The world is moving towards realpolitik, ignoring previous relations based on history, commonality of religion and humanitarian considerations. India is a growing powerhouse in both economic and military terms and thus is sought after. It is a market for every nation seeking to expand trade as also a security provider in the larger Asian region. With this changing profile, international leaders are keen to engage with India.
Across the globe, terrorism is a major threat, which India has kept under control. Further, China has begun pushing its weight on its smaller neighbors.
It has become aggressive over its territorial claims including in the South China Sea. Its loans at higher rates of interest are trapping developing countries. Its trade policies are resulting in balance of payments shifting in China’s favour. The US seems to be withdrawing under Trump, its traditional outlook of supporting its allies becoming more doubtful by the day. Into this gap India is wading in, a reliable friend, willing to support and invest as also provide a lucrative market. Thus, leaders are flocking in.
Benjamin Netanyahu, the Israeli Prime Minister visited India recently, the leaders of Asean were guests for the Republic Day and the Canadian Prime Minister arrives next month for a week’s visit. The US Ambassador to India stated that the US even seeks to exchange liaison officers with the Indian military, taking the relationship from the ‘strategic to the durable’. India is the new destination.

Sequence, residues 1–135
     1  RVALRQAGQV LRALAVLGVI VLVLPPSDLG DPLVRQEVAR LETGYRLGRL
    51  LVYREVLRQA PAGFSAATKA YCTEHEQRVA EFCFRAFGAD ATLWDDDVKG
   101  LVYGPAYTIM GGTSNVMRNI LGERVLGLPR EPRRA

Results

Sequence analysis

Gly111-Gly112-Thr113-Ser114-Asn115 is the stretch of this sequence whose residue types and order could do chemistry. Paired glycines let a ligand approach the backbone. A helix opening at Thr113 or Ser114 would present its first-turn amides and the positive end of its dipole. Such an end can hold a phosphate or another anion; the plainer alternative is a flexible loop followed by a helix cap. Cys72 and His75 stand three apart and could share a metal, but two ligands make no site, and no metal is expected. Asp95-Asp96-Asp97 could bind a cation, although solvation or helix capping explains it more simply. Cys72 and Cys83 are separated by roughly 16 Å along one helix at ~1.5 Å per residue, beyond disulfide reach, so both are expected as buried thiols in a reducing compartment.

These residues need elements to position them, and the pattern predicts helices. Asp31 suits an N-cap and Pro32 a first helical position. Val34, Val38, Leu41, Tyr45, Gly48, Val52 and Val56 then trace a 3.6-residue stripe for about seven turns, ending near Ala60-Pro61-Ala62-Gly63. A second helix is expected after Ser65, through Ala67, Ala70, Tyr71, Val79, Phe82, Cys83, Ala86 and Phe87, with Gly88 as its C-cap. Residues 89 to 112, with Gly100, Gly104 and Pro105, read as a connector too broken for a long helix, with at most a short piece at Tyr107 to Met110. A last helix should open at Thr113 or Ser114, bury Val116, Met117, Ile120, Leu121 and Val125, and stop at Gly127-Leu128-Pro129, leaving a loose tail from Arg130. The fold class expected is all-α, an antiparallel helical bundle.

Economically India is one-fifth of China. Further, Indian aid is more project-related, though at very low interest rates, hence on occasions undelivered. Militarily it may not be as powerful as China, but as the army chief stated in his pre-army day press interaction, ‘India is not a weak nation’. It has shown the world that it would not back down if its core interests are threatened. Hence, alliances involving India are on the rise.
Asean leaders, who arrived in the country for the Republic Day parade, are seeking to enhance cooperation with India in both economic and security spheres. They like the US and Japan seek India as a counter balance to China. Thus, Indian security engagements with them would be on the rise. The Indian navy would be more engaged in visiting ports in the Asean region as also conducting bilateral and multi-lateral exercises.
There would be more exercises involving the army, with India sharing its expertise on handling terrorism. Many Asean nations are seeking to procure the BrahMos and Akash missile systems from India. These are clear Indicators of India’s growing military power.
Israel, though still enhancing ties with China is desirous to supply military hardware and partner India on matters of security and economic development. India-Israel ties have already shaken Pakistan, which feels that these are a threat to them. Similarly, the India-Asean meet is being closely monitored by China mainly because it considers this grouping as a threat to its relationship with these nations and may lead to a possible enlarged role for India in the South China Sea.